Partner Richard Keate

Queer Places:
Chequer, 3rd Ave & E 50th St, New York, NY 10022
Chequer West, 8620 Melrose Ave, West Hollywood, CA 90069

Picture of Carlos McClendon (October 12, 1923 - July 16, 2008) was an American designer and shop owner. He is probably the most famous "unknown" model of George Platt-Lynes, the one who graces the cover George Platt-Lynes's most recent coffee-table book. McClendon was in relationships with Christopher Isherwood, George Platt Lynes and Denham Fouts. He had encounters with Monroe Wheeler, Lincoln Kirstein, Paul Cadmus and Bernard Perlin.

Carlos McClendon was born in Bakersfield, CA on October 12, 1923 and lived the early years of his life in Southern California. He attended schools in Long Beach and later earned a BA from UCLA. During and immediately after his college years, he worked in the design department of MGM Studios. During this period he was also a dancer with the Marie Bryant dance troupe.

Christopher Isherwood met McClendon through Denny Fouts and John Goodwin in the 1940s when McClendon often visited the beach in Santa Monica. The friendship continued long after McClendon left Los Angeles in the early 1950s.

In early 1950, McClendon moved to New York City where he quickly became an early and influential force in boutique retailing, before the word boutique was in general usage. His shop, called Chequer, at the corner of Third Avenue and 50th Street specialized in unique objects, furnishings and clothing from places like Mexico, Haiti and Morocco which he chose on his travels. The shop was an immediate success, notable for McClendon's special "eye" for the beautiful and unusual, and he counted Greta Garbo and many of the trend-setters of New York among his regular customers. The shop also inspired several imitators.

by George Platt Lynes

1947 Carlos McClendon Male Model By George Platt Lynes Vintage 16x20 Photo  Art | eBay

In the late sixties he moved back to Los Angeles and opened Chequer West in Hollywood and duplicated the success of his New York years. The uniqueness of his inventory and the fine workmanship of his hand-made clothing quickly attracted an all-star clientele like Barbra Streisand, Candace Bergen and the ballerina Nora Kaye. The boutique featured fashions in the most fabulous fabrics east of the Far East. Exclusive West Coast designs by owner Carlos McClendon and by JoAnn Lopez. Specialties were exquisite long, unfitted gowns for women and handsome caftans and robes for men, all of incredibly beautiful materials like Indian sari cloth, tie dyed chiffon, Persian embroidered silk, antique fabrics and collage patterned silk. Each was one of a kind. Gowns were priced from $120 to $500 and caftans and robes from $40 to $300. Men's shirts were designed by Ken Scott and by McClendon in very colorful prints and solids, tagged from $20 to $60. For men also were 41/2 inch ties in silk prints and pure wools and embroidered vests from Afghanistan. The boutique was a delight for poking around. In the back patio were unusual pieces of furniture hand-painted by Micela Livingstone. In the front and upper areas was a vast selection of weird and wonderful imported gifts, new body sweaters, scarves and jewelry and intriguing odds and ends from everywhere.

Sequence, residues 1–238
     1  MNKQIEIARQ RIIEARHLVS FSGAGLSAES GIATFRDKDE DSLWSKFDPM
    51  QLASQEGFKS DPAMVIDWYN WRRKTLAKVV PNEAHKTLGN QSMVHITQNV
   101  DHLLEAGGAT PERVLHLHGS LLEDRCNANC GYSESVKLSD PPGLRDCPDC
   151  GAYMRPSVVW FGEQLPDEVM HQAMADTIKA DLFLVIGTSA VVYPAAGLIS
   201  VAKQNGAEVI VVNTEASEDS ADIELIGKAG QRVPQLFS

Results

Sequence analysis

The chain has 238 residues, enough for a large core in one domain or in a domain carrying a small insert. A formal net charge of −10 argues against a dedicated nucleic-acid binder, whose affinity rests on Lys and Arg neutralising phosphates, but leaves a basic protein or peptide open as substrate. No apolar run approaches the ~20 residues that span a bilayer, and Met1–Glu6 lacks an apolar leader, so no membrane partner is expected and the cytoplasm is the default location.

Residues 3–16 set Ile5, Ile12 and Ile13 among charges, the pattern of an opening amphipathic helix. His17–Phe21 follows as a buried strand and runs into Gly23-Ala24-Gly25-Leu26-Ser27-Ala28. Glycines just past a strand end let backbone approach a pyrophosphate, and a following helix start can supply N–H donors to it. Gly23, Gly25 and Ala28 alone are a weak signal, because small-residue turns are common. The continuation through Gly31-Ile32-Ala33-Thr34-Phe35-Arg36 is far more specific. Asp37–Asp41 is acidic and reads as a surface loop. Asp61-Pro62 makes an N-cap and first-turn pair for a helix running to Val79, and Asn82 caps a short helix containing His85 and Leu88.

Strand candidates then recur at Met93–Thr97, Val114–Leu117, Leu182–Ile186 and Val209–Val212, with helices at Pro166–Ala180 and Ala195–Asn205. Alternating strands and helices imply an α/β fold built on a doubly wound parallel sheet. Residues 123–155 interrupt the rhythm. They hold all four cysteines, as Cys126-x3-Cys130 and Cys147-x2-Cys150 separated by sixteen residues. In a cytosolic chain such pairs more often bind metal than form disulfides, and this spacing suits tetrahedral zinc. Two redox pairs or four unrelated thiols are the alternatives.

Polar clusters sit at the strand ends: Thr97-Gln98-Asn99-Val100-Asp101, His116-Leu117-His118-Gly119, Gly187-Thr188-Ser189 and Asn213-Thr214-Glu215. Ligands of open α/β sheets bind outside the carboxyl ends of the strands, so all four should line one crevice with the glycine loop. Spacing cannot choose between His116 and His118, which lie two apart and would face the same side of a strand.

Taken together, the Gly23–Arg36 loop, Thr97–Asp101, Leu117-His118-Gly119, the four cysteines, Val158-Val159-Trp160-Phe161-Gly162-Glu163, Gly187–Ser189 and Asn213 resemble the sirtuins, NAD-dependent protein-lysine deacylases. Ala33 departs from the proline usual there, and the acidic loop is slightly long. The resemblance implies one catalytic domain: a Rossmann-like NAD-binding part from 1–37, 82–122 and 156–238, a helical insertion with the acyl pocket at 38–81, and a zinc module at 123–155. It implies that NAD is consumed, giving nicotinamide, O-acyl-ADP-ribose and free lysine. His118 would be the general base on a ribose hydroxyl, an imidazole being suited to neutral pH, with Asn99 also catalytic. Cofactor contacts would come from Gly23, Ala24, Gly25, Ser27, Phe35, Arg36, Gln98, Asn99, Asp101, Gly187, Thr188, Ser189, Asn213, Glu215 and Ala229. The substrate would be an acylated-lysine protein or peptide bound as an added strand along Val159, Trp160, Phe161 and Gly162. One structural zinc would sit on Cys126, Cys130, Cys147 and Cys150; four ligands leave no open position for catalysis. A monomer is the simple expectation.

The Mendes firm in Paris became an international production and marketing complex that manufactured clothes by such names as Yves Saint Laurent, Rive Gauche, Givenchy, Nouvelle Boutique, Jean Muir, Christian Bailly, Roland Chakkal, and the rising star from the Land of the Rising Sun whose clothes were first brought to Los Angeles by Carlos McClendon of Chequer West.

Jobey Baker was an actor and artist who, in the 1970s, became jewelry maker. His pendants and rings in ivorv etched with silver, priced from S190 to $2,000, were at Chequer West. Also on display was Carlos Mc-Clendon's rag chubby, an amazing jacket made of remnants of Eastern fabrics and sewn together with the effect of fluffy fur. With it came a long denim skirt, trimmed again with the remnants in calypso-style ruffles.

In 1976 Pamela Dewey created a new collection called "Addables and Wadables" sold at Chequer West. The designer hand-dyes cotton batiste skirts, tunics and tops in Popsicle colors allowed the wearer to use "fashion like an accessory mixing them the way the woman wants." According to Carlos McClendon: "When I met Ms. Dewey at an experimental fashion show I thought she had a special talent. Her clothes are lively, cheerful very elegant but relaxed. She has a feeling for what California women want right now. It's very liberated clothing." Pamela Dewey's big seller was a concoction she labelled "the half-dress" that consisted of two separate vertical dress-halves that tied at the sides to become a conventional wrap-dress. The halves could be interchanged to create different color combinations. Each half was $25.

McClendon retired in 1986 and moved to Pojoaque where he continued as an anonymous supporter of the arts. He moved to Puerto Vallarta in January 2008 to spend his last months by the Pacific Ocean he loved.

 A resident of Pojoaque/Nambe since 1986, died of natural causes on July 16, 2008, in Puerto Vallarta, Mexico. McClendon leaves no family survivors, but a cadre of old and new friends. Cremation took place and his ashes were scattered in New Mexico in accord with his wishes.

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